It is a sign of the times that the Speaker of the House of Commons – not the first person that comes to mind as being part of the digital age – has established a Digital Democracy Commission to look into ways to re-imagine democracy for the connected world. With one important exception – that concerning online voting – its recommendations are sensible and to be welcomed. … Enabling people to vote online would indeed draw in many young people who otherwise wouldn’t vote, and that’s hugely important. So why am I against the idea? Well, the report quotes a good encapsulation of the key issues here by the Open Rights Group:
Voting is a uniquely difficult question for computer science: the system must verify your eligibility to vote; know whether you have already voted; and allow for audits and recounts. Yet it must always preserve your anonymity and privacy. Currently, there are no practical solutions to this highly complex problem and existing systems are unacceptably flawed.
Another warning [.pdf] comes from a formidable trio of security researchers in their submission to the Digital Democracy Commission:
In our view, the adoption of online voting technology would present extremely grave challenges to the integrity of UK elections, and risk disadvantaging significant sections of the population, which would present a real danger of undermining public confidence in democracy rather than strengthening it as the Commission rightly seeks to do.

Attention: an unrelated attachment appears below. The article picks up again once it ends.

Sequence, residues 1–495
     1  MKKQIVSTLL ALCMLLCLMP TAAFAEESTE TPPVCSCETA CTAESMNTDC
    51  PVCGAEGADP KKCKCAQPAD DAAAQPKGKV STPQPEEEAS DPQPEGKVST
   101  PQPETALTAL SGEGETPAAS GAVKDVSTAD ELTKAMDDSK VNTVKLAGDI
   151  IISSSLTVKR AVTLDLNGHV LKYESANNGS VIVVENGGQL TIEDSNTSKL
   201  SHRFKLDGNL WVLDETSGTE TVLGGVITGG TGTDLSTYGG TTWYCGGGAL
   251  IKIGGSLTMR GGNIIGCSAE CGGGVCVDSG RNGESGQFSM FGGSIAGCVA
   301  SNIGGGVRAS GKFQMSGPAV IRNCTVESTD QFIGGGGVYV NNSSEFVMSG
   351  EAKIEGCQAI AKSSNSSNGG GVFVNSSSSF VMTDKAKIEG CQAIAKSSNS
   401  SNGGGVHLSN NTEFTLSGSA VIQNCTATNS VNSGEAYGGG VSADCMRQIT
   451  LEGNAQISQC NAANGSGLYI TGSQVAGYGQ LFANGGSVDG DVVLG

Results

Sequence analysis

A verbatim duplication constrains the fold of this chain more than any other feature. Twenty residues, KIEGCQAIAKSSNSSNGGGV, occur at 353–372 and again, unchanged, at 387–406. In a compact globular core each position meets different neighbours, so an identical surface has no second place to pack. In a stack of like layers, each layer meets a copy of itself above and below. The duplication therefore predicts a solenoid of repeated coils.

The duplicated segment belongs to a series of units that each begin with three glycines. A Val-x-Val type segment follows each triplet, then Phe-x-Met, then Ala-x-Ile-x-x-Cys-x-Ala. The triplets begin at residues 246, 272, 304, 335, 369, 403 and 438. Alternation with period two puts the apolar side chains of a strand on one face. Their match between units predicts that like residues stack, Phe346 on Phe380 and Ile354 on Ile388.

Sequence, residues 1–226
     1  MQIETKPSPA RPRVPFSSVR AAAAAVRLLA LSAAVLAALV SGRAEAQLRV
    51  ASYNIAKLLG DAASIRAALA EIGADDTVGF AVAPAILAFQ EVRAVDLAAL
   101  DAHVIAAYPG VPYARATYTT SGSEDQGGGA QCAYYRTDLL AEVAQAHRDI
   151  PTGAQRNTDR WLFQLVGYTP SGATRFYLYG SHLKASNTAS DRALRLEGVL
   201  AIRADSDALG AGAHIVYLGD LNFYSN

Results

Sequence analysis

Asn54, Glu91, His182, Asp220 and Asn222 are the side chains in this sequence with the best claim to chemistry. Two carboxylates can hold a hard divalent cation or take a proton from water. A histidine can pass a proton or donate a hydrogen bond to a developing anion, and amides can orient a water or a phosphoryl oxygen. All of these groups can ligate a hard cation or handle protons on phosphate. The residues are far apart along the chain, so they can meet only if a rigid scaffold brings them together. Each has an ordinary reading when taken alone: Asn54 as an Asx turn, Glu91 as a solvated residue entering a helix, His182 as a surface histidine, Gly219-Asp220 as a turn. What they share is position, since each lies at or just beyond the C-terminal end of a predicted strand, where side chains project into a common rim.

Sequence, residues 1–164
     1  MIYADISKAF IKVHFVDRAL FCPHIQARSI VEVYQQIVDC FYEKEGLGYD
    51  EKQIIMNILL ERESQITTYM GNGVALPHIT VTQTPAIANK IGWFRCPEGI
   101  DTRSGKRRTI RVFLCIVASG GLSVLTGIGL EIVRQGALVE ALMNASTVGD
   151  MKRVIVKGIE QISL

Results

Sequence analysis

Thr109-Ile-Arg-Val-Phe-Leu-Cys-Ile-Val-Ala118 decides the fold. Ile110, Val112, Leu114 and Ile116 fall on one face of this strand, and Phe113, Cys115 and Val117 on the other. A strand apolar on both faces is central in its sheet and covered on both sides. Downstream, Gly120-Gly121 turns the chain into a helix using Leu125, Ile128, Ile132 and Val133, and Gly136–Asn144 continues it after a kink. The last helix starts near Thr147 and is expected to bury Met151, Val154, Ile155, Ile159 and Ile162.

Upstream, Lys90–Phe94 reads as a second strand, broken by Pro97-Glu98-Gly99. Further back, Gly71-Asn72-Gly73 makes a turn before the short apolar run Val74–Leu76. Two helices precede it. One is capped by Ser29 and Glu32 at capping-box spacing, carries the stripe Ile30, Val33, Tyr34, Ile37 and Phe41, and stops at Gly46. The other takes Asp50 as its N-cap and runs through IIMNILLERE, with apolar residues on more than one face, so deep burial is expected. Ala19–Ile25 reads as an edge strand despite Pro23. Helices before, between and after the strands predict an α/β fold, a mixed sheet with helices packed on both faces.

Finally, people who oppose the use of new technology for well-established activities are sometimes accused of being Luddites and of letting their ignorance stand in the way of perfectly acceptable change. In the case of e-voting, we believe that the more familiar people are with the technology, the more they understand the very substantial risks that it poses to the democratic process. It is ignorance that leads people to suppose that e-voting is risk-free and desirable; and it is technical experts such as us (and our colleagues whose carefully-argued papers we have cited) who are cautioning against embracing e-voting for the foreseeable future.
For what it is worth, this is my view too, and I regard it as deeply regrettable that an otherwise welcome report should choose to ignore such a clear and strongly-worded warning to avoid online voting completely until its many problems are sorted out. In particularly, setting a specific and imminent date for its introduction is premature and extremely foolish. I hope others join me in urging the authorities to ignore this particular recommendation, while accepting the others.